Ealing Council’s earlier decisions at North Acton and LB Ealing policy for North Acton 

The planning consents at North Acton granted by Ealing’s Planning Committee (in behalf of OPDC) have relied heavily on a site allocation policy in the 2013 Ealing Development Sites DPDThis document dates back to 2013. It includes a site allocation and policy guidance for an area OIS1 Park Royal Southern Gateway, which is how North Acton was described at the time.

OIS1 map cropped

This planning guidance for North Acton states The site is considered in principle an appropriate location for tall buildings, however the acceptability of tall buildings will be determined based on the detailed design as presented in a full planning application; outline planning applications for a tall building will not be considered. If tall buildings are proposed they must be attractive as viewed from all angles, contribute to an interesting skyline, and create a well-defined public realm at street level with active ground floor frontages and a high quality landscaping treatment that contributes to an improved public realm.

This Ealing Development Sites DPD does not identify specific locations for tall buildings at North Acton. Nor does it identify ‘appropriate heights’. Buildings of 56 storeys would not have been contemplated back in 2013.  Were OPDC to rely primarility on Ealing development plan documents in making a decision on the application, the Ealing Core Strategy and Develoopment Sires DPD also fail to conform with new London Plan Policy D9.

The Ealing DPD also states outline planning applications for a tall building will not be considered. This may be one of the reasons for the late switch from LBE to OPDC, as the planning authority deciding the Imperial application.

The danger of an outline consent for four further buildings in Imperial’s proposals is that this first set of decisions set the ‘planning parameters’ for the second phase.  Massing, height and floorspace would all be fixed from then on, with Imperial needing only to return when ready with further applications on ‘reserved matters’.

Pre-application advice from the GLA to Imperial College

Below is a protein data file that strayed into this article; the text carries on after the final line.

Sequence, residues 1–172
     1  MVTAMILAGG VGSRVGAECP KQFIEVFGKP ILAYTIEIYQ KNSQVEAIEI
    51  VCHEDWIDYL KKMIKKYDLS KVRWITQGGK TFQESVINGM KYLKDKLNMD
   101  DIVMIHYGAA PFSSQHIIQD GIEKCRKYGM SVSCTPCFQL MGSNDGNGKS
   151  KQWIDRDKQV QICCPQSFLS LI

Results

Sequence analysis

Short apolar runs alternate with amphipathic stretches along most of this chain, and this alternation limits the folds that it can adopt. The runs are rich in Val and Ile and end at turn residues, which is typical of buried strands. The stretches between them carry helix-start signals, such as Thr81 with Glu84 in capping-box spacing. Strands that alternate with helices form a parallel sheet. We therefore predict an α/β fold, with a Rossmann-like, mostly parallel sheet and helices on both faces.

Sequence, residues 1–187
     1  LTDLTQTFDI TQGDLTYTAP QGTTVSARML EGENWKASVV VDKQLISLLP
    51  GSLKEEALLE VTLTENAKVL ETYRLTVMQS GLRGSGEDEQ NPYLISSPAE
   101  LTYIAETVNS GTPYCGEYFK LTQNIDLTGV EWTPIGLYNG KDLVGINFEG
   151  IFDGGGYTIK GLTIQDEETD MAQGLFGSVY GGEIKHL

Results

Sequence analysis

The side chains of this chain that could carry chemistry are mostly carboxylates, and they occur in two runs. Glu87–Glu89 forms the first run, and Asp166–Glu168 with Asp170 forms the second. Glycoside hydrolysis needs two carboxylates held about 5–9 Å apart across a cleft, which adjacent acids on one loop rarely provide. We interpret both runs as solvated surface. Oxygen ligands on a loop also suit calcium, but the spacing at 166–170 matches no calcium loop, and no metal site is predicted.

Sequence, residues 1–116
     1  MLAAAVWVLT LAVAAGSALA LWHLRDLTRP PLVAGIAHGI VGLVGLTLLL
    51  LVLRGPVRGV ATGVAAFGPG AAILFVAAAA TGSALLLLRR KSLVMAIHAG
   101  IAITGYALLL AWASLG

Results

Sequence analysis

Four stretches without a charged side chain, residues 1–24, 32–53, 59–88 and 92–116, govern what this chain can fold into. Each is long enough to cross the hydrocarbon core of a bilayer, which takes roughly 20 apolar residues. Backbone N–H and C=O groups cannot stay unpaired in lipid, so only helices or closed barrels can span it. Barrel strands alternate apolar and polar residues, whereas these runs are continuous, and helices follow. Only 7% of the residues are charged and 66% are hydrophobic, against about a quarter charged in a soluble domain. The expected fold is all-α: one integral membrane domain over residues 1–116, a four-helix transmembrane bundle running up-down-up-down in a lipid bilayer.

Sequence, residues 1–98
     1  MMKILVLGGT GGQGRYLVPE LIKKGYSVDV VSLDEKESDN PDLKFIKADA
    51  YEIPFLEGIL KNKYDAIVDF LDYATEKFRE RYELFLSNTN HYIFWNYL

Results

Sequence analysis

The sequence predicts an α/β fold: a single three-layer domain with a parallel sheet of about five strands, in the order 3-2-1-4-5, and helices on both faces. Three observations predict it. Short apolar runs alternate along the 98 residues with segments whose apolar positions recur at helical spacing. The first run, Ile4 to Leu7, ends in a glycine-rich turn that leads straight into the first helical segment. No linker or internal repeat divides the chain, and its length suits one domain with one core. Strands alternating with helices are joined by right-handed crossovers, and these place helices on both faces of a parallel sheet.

As is usual for major developments, Imperial entered into a Planning Performance Agreement to obtain pre-application advice on its proposals.  In this case there was one PPA with LBE Ealing and one with with OPDC. Imperial also used the pre-application advice provided by GLA planning officers.

After two requests from the Old Oak Neighbourhood Forum, copies of this pre-application advice were added to the OPDC planning file. They should have been published in the first place, under the terms of OPDC’s Statement of Community Involvement.  Links to the three GLA documents are below:

GLA advice June 2021

GLA advice July 2021

GLA advice October 2021

The second of the above is the one that covers the issue of building height in the most detail, at paragraphs 42-50.  Paragraph 43 offers some encouragement to those opposed to the building heights at Portal Way, in saying It is evident that considerable thought has been given to the layout and design of buildings to achieve good quality and well-connected public realm, however in terms of the built form relationship with nearby tall buildings of similar height, GLA are not yet convinced that three buildings that are greater than 50 storeys in height on the site are appropriate when considered against the current and emerging context. It should also be noted that all the buildings currently proposed in the scheme are tall buildings by definition, and the requirements of London Plan Policy D9 will therefore be rigorously applied to all the buildings in the scheme..  

These three sets of pre-application advice were issued at a stage when planning officers at GLA, OPDC, and LB Ealing were all expecting the application to be decided by Ealing’s Planning Committee. This committee has a track record of granting planning consents to tall buildings in the face of concerted local opposition.

The application is now to be decided by OPDC’s Planning Committee. This committee has also gone along with officer recommendations to approve tall buildings (of 20-30 storeys) at Oaklands Rise and at four sites along Scrubs Lane.  The committee has yet to refuse such an application. The committee has yet to decide an application on any proposals approaching 50 storeys and above.

The Imperial application will be referred to the Mayor at Stages 1 and 2, given its proposed heights.  Will GLA officers prove in practice to rigorously apply London Plan Policy D9 to all buildings in the scheme?

In terms of governance arrangements, OPDC’s Planning Committee is made up of

  • a Chair who is also a member of the OPDC Board (William Hill)
  • three independent members
  • four local councillors, who have been recommended by the three boroughs whose boundaries falls within the OPDC area.

In thr past, this has led to some close votes when those members who are local councillors have listened to the views of their constituents. But even in the event of a split 4/4 vote the Chair has a casting vote. Imperial College has a seat on the OPDC Board, not that this Board member will play a direct part in deciding the planning application.

As and when the date of a Planning Committee meeting is fixed, to decide this application and an officer report and recommendation appears online, we will update this web page accordingly.